Fear can be like a prison. It is, however, a self made prison. Many are imprisoned by fear. No one else can liberate them from this prison. Others may inspire them but they must liberate themselves.
The thoughts of a prisoner - they're not free either. They keep returning to the same things.
A man will be imprisoned in a room with a door that's unlocked and opens inwards, as long as it does not occur to him to pull rather than push.
Nothing can be more abhorrent to democracy than to imprison a person or keep him in prison because he is unpopular. This is really the test of civilization.
They were being driven to a prison, through no fault of their own, in all probability for life. In comparison, how much easier it would be to walk to the gallows than to this tomb of living horrors!
The object of punishment is prevention from evil; it never can be made impulsive to good.
In jail a man has no personality. He is a minor disposal problem and a few entries on reports. Nobody cares who loves or hates him, what he looks like, what he did with his life. Nobody reacts to him unless he gives trouble. Nobody abuses him. All that is asked of him is that he go quietly to the right cell and remain quiet when he gets there. There is nothing to fight against, nothing to be mad at. The jailers are quiet men without animosity or sadism.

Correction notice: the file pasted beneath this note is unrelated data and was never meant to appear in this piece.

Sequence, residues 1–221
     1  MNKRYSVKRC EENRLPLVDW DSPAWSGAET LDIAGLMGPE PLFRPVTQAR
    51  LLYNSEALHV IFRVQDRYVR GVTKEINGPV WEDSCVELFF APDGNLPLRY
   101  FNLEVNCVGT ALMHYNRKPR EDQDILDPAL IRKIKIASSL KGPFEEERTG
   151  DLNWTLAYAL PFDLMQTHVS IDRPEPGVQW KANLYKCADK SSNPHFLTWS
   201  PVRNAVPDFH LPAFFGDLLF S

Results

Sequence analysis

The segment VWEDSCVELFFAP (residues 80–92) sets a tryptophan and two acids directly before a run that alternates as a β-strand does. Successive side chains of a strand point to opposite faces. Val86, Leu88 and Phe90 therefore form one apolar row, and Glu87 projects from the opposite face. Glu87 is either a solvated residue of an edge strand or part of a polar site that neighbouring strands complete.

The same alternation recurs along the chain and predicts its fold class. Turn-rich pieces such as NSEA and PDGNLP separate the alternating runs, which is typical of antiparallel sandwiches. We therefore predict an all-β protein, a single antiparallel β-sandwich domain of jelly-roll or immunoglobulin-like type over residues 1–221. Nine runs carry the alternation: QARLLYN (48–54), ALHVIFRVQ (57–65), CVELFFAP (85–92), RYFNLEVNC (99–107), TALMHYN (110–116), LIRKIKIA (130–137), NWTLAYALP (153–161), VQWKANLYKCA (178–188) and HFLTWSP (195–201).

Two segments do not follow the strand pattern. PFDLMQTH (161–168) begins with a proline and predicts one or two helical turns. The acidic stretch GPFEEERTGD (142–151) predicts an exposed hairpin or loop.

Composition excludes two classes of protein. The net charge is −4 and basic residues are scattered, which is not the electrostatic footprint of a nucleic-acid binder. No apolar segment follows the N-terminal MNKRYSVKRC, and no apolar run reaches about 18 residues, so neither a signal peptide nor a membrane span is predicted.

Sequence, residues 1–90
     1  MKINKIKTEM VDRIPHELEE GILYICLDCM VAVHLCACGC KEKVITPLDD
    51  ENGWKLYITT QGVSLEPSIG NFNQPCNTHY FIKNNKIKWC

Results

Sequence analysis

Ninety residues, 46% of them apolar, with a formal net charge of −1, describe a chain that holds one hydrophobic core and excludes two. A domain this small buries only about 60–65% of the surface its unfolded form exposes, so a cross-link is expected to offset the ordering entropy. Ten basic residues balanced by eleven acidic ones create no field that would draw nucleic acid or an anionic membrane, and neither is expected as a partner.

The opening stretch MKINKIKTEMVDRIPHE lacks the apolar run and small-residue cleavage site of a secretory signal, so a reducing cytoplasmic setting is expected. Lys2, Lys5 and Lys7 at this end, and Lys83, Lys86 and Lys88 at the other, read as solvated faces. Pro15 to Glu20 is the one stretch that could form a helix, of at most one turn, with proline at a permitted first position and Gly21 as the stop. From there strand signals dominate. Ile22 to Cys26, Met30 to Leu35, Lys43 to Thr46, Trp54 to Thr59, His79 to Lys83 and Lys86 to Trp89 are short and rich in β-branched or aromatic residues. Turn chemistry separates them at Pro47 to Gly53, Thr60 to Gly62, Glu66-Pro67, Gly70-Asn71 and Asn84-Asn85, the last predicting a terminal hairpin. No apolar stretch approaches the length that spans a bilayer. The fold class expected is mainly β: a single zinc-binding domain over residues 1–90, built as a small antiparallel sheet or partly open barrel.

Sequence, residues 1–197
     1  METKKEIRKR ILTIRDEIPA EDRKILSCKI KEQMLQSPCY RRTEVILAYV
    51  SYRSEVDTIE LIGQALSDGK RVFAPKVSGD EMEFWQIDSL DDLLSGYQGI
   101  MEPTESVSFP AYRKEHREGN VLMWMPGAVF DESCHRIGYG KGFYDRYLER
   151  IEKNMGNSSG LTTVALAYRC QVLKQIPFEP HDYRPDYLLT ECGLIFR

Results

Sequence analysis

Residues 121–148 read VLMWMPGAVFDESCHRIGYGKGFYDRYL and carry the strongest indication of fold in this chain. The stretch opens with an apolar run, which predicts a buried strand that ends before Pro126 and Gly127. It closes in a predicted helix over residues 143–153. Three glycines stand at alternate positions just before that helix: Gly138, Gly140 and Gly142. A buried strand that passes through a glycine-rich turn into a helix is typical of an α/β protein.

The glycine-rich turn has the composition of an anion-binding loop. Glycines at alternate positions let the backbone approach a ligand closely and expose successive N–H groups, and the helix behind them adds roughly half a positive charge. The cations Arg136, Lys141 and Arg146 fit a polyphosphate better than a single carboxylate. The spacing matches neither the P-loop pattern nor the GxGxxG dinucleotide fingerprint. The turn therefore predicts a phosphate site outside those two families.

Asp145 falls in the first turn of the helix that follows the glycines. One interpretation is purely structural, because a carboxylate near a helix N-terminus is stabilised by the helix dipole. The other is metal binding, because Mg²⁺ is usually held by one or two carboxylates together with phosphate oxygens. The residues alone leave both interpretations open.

I know not whether laws be right, or whether laws be wrong; All that we know who lie in gaol is that the wall is strong; And that each day is like a year, a year whose days are long.
I asked a man in prison once how he happened to be there and he said he had stolen a pair of shoes. I told him if he had stolen a railroad he would be a United States Senator.
It is more dangerous that even a guilty person should be punished without the forms of law than that he should escape.
If you want total security, go to prison. There you’re fed, clothed, given medical care and so on. The only thing lacking…is freedom.
One man meets an infamous punishment for that crime which confers a diadem upon another.
There is no greater punishment of wickedness that that it is dissatisfied with itself and its deeds.
The degree of civilization in a society can be judged by entering its prisons.
The penalty for laughing in a courtroom is six months in jail; if it were not for this penalty, the jury would never hear the evidence.
No obligation to justice does force a man to be cruel, or to use the sharpest sentence.
Here the great art lies, to discern in what the law is to be to restraint and punishment, and in what things persuasion only is to work.